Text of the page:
The moral behind all of this? Be professional, not personal.

What are your thoughts on the whole reviewer/creator relationship? Do you feel like you’re obligated to go easy on something if it’s given to you? From the creator’s perspective, what is expected of reviewers?

Did you like this post? You should click “Like” if you did. Feel free to follow Falcon Game Reviews as well. You can also find Falcon Game Reviews on TwitterFacebookDiscord, or even send a direct email to!

Posted by Shelby "Falcon509" Steiner

I'm just a gamer that enjoys talking about my hobbies. I do a little more than that too. I love cooking, grilling, being outdoors, going target shooting, etc.


  1. The thing with worrying about what people will say to you as a writer is that if they’re more invested in attacking you personally than actively posting a suitable counter to your commentary is that they’re not worth worrying about.

    That and this is the internet, every fifth person is looking to yell at someone. You’re absolutely right that you shouldn’t take it personally.

    Liked by 2 people


    1. It can be difficult to not take things personally though. Takes an effort on my part!

      Liked by 1 person


      1. Oh I wouldn’t for a second say it’s easy, so I very much agree there.

        Liked by 1 person


  2. I definitely feel like the internet crowd on sites like Youtube and other major game sites are full of more hateful comments than positive ones. Even the best of games can get negatives, from fanboys and what not. Then you have a metacritic, where people will try to tank the average score, so if I was a developer I would probably angry and upset a little.

    But on the other side, the people who actually sit down and write or make videos on reviewing their games. Generally, give constructive criticism and praise the good parts. So I feel that overall would outweigh hateful comments. I find the wordpress community are generally friendly and very passionate about the games we play 🙂

    Liked by 1 person


    1. I’ve found a similar affinity for WordPress for that reason. There seems to be a much higher percentage of people willing to discuss things amicably. I love it!



  3. I always have and always will write for an audience of one. I will never worry about how my posts or comments are interpreted because i write for me and for my enjoyment. Never worry if someone disagrees or slates you because of what you’ve written. At the end of the day you’ve wrote it and someone has taken the time to read it and that’s always a positive it. Don’t take it personally, it’s just the world we live in.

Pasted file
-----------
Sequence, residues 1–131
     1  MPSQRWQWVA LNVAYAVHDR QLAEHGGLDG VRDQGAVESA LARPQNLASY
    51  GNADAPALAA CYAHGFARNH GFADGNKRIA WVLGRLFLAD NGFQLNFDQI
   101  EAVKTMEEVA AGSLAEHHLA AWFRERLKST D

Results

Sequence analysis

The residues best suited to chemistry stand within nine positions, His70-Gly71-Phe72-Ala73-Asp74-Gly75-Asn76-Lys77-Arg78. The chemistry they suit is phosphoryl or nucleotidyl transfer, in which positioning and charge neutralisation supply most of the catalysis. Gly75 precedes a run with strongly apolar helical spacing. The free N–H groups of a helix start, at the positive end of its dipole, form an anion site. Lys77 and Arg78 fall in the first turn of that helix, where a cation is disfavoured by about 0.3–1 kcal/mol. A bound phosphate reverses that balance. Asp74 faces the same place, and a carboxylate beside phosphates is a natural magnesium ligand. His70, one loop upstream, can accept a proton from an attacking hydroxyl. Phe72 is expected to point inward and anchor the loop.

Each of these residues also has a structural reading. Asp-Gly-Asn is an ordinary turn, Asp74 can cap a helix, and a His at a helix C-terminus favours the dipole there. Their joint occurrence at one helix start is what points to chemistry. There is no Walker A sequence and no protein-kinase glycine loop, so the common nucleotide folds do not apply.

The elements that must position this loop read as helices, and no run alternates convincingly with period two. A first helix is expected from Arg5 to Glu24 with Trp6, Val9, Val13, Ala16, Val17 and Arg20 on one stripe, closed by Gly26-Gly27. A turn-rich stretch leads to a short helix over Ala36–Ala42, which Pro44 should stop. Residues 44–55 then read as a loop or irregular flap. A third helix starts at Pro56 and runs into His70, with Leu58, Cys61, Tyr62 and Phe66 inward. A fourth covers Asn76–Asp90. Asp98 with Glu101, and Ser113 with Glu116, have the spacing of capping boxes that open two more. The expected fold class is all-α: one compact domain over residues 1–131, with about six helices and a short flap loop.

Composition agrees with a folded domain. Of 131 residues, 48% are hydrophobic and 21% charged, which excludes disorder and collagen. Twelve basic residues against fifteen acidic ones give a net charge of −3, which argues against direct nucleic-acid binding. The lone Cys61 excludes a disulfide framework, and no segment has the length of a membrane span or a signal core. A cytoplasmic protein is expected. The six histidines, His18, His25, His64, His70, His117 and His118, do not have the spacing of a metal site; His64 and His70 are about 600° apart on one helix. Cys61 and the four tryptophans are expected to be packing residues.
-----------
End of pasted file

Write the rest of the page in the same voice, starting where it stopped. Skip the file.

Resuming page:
Liked by 1 person


    1. That’s a good way of looking at it. No matter what, a reader is a reader. Thank you for taking the time to read this too!



  4. There is strange relationship between the artist and their work that always eludes our full understanding. How much of ourselves we place into our creations, thereby outsourcing to it our critical vulnerabilities, isn’t entirely up to us. Whether you can wilfully detach yourself from a creation has been contested since Death Of The Author, and it remains one of the most interesting things to me when I explicate or consider a work of art.

    Liked by 1 person


    1. I think that’s a big part of what makes criticism feel personal. If your work is a big part of you, it can definitely feel like someone is attacking you if they’re criticizing your work.

      Liked by 1 person


  5. Funny story (or not so funny depending upon how you look at it), but we made a request to get a copy of Oddworld: New ‘n’ Tasty. I have a weird history with the game as I knew about Abe’s Oddysee it but never played a ton of it when it came out. So New ‘n’ Tasty was actually kinda something new for me. I ended up not liking it, despite being a fan of the genre and reviewed it as such citing what I felt were problems with the game. The developer wasn’t happy and emailed my PR guy to complain claiming why would anyone ask to do a review of the game if they weren’t already familiar and nostalgic for it.

    Liked by 1 person


    1. I can kinda see where they’re coming from, but it’s a little presumptuous to assume EVERYONE would like your game. As if the only people who should review it should be those that like it, or have played the original and enjoyed it…



Leave a Reply

Fill in your details below or click an icon to log in: Logo

You are commenting using your account. Log Out /  Change )

Twitter picture

You are commenting using your Twitter account. Log Out /  Change )

Facebook photo

You are commenting using your Facebook account. Log Out /  Change )

Connecting to %s

This site uses Akismet to reduce spam. Learn how your comment data is processed.